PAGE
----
REV. ISRAEL NEWTON TERRY, D. D.
During a period of fourteen years, dating from September, 1876, the Rev. Israel Newton Terry filled the
pulpit of the Presbyterian church of New Hartford, this being the longest pastorate in the ministerial career of
this good man which was terminated by death on the 16th of July, 1908. Mr. Terry was born in South Weymouth, Massachusetts,
on the 20th of February, 1851, and was descended from a long line of Puritan ancestors. His parents were the Rev.
James Pease and Catherine (Matson) Terry, the father being a direct descendant of Major Ephraim Terry of Continental
army fame. He was eighth in descent from Governor William Bradford of the Mayflower.
The son of a minister the Rev. Israel Newton Terry was reared amid environments which were naturally conducive
to the adoption of the church for his life vocation. His early education was acquired in the public schools of
his native village, after the completion of which he entered Amherst College, graduating in 1871, when he matriculated
at the Hartford Theological Seminary at Hartford, Connecticut, from which he was graduated. Later he took a post
graduate course at Union Theological Seminary at New York city. Possessing mental powers of more than average ability
and being of a studious nature Mr. Terry continued his studies all through life and was a man of broad general
information on all secular as well as theological subjects. In May, 1876, he was called to fill the pulpit of the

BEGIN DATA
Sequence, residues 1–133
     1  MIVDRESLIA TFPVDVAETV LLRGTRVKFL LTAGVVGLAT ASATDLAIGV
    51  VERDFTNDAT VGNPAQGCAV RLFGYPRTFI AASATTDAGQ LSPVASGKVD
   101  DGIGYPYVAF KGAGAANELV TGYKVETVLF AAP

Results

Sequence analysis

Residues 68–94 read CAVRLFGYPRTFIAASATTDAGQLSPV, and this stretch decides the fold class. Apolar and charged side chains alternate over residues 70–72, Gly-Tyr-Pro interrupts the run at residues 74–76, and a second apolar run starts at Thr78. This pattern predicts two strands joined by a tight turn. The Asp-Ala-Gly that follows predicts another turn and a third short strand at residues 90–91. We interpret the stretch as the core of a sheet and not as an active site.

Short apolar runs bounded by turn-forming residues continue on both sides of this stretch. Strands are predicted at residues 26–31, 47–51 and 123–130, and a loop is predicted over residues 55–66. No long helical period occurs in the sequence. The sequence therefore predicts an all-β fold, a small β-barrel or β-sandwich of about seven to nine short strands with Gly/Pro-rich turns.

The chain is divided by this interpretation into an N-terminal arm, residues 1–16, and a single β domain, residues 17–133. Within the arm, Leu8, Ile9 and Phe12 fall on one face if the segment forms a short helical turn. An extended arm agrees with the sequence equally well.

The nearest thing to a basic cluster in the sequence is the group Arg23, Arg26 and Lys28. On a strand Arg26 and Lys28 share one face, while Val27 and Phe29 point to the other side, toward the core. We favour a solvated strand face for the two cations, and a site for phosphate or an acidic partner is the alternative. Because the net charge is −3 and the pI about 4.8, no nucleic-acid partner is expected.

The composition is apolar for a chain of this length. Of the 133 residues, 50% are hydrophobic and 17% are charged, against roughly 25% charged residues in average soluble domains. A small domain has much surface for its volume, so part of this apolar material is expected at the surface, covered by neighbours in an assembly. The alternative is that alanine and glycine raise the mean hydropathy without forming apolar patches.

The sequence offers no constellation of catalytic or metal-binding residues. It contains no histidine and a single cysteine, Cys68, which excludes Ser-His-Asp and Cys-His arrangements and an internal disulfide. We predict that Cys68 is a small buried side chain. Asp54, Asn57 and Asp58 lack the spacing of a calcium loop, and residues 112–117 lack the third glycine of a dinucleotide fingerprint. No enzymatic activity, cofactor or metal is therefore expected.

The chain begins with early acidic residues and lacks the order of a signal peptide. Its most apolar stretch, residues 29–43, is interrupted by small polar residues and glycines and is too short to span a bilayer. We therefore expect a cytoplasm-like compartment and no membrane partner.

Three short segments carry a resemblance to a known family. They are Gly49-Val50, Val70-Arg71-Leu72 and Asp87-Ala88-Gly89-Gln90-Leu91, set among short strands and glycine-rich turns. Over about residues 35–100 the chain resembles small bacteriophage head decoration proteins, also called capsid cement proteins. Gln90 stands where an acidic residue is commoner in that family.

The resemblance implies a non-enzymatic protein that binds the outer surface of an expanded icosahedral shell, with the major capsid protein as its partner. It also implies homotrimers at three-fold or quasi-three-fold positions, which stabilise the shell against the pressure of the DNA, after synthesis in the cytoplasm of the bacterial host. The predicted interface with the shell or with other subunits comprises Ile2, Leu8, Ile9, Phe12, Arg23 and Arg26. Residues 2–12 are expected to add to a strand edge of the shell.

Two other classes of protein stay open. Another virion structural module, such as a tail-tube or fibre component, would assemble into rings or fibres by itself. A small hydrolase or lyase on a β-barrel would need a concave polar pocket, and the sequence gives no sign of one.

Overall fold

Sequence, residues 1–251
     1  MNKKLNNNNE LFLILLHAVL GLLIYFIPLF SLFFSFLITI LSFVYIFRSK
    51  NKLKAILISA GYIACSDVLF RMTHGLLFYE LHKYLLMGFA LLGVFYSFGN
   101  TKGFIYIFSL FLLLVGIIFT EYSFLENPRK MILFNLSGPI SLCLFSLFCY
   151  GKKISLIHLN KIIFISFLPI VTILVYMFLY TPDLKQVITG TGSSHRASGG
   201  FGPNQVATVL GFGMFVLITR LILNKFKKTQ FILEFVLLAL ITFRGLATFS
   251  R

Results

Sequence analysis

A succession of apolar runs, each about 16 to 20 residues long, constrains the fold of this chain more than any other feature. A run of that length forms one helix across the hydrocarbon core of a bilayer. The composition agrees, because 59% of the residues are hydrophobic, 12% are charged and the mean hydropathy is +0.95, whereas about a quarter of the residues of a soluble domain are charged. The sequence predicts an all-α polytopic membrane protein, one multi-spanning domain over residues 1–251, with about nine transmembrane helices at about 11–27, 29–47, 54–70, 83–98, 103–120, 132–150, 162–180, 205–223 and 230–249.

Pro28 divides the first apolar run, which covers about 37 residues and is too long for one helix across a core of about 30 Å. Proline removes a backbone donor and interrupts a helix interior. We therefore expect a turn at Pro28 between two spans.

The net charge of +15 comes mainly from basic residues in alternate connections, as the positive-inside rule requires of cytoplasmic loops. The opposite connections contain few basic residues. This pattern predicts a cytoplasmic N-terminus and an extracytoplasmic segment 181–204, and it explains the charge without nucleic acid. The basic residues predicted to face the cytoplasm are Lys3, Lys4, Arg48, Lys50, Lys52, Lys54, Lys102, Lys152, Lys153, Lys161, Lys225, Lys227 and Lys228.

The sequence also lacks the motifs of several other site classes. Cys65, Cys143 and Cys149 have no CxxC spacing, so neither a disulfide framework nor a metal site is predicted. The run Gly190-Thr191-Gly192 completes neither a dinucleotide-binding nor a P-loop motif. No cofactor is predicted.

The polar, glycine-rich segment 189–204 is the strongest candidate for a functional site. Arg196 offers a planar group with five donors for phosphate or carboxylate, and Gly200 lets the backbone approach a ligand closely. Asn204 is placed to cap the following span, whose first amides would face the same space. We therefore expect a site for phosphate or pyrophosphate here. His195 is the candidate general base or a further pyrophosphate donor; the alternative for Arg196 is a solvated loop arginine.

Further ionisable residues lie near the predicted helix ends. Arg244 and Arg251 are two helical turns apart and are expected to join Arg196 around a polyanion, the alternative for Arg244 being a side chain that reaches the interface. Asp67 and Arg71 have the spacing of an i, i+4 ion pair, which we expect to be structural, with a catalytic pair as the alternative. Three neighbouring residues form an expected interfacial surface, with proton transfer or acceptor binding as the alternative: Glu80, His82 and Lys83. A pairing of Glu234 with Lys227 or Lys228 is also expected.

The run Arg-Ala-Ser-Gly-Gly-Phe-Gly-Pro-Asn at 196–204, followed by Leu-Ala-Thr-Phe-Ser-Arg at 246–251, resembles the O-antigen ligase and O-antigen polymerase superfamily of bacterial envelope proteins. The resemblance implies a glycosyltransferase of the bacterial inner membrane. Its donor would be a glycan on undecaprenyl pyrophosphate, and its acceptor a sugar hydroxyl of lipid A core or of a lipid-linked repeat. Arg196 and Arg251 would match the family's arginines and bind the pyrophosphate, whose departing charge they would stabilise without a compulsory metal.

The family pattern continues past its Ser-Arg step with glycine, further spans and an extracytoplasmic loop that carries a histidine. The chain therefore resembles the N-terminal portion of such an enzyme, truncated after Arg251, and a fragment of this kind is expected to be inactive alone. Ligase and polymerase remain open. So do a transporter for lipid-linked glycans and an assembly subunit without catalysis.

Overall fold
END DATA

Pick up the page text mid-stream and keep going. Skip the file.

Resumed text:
Presbyterian church of New Hartford, which position, as mentioned above, he most capably filled for fourteen years.
His scholarly instincts and innate refinement and culture, as well as his broad views and tolerance for the ideas
of others, whether or not they coincided with his own made him a charming friend and delightful companion as well
as popular minister. During the fifteen years that followed his withdrawal from the church of New Hartford Doctor
Terry was acting pastor at the Whitesboro Presbyterian church for six months and at the First Presbyterian church
at Utica for nearly two years, but most of his work was given to the Presbyterian church at New Hartford and Westminster
church at Utica, where together twenty five years of his life were spent. He served seven years as associate pastor
with Dr. Thomas J. Brown at the Westminster Presbyterian church in Utica, after whose demise he was installed pastor
continuing his work there up to the time of his death, July 16, 1908. In 1897 Hamilton College of Clinton, New
York, conferred upon him the degree of doctor of divinity. Although he was only fifty seven years of age when he
died he had been a member of the Utica Presbytery since 1876.
For a wife and helpmate Doctor Terry chose Miss Emily Huntington Butler, their union being solemnized in New Hartford,
on the 28th of September, 1880. Mrs. Terry was a daughter of Francis and Harriette (Sherrifi) Butler, and a direct
descendant in the paternal line from Eli Butler, who was a captain in the Continental army. Doctor Terry held membership
in both the Sons of the Revolution and the Society of the Mayflower Descendants. Although it has been more than
twenty years since he was a resident of New Hartford Doctor Terry is remembered, the impress of his personality
upon those with whom he came in contact being so strong that his influence could not be lost in any community where
he might have presided.
History of Oneida County, New York
From 1700 to the present time
of some of its prominent men and pioneers.
By: Henry J. Cookinham
The S. J. Clarke Publishing Company
Oneida County, NY
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